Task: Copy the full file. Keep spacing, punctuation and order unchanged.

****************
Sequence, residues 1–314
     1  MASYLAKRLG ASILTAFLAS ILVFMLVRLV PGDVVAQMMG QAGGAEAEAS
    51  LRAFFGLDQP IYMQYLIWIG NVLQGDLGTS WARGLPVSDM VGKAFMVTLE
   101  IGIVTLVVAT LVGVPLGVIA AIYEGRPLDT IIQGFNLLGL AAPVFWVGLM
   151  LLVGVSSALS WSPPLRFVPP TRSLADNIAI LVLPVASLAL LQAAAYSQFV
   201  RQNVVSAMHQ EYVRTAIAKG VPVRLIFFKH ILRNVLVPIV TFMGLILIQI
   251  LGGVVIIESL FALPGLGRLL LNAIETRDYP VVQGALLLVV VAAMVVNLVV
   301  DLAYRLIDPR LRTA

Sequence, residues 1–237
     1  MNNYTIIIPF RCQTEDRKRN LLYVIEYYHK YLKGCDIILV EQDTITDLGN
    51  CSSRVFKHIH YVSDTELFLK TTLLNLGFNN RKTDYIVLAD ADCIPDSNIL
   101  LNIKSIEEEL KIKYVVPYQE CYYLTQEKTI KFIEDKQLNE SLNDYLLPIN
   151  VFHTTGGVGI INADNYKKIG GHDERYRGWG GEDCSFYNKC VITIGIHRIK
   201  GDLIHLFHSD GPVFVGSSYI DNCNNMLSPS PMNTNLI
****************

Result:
Sequence, residues 1–314
     1  MASYLAKRLG ASILTAFLAS ILVFMLVRLV PGDVVAQMMG QAGGAEAEAS
    51  LRAFFGLDQP IYMQYLIWIG NVLQGDLGTS WARGLPVSDM VGKAFMVTLE
   101  IGIVTLVVAT LVGVPLGVIA AIYEGRPLDT IIQGFNLLGL AAPVFWVGLM
   151  LLVGVSSALS WSPPLRFVPP TRSLADNIAI LVLPVASLAL LQAAAYSQFV
   201  RQNVVSAMHQ EYVRTAIAKG VPVRLIFFKH ILRNVLVPIV TFMGLILIQI
   251  LGGVVIIESL FALPGLGRLL LNAIETRDYP VVQGALLLVV VAAMVVNLVV
   301  DLAYRLIDPR LRTA

Sequence, residues 1–237
     1  MNNYTIIIPF RCQTEDRKRN LLYVIEYYHK YLKGCDIILV EQDTITDLGN
    51  CSSRVFKHIH YVSDTELFLK TTLLNLGFNN RKTDYIVLAD ADCIPDSNIL
   101  LNIKSIEEEL KIKYVVPYQE CYYLTQEKTI KFIEDKQLNE SLNDYLLPIN
   151  VFHTTGGVGI INADNYKKIG GHDERYRGWG GEDCSFYNKC VITIGIHRIK
   201  GDLIHLFHSD GPVFVGSSYI DNCNNMLSPS PMNTNLI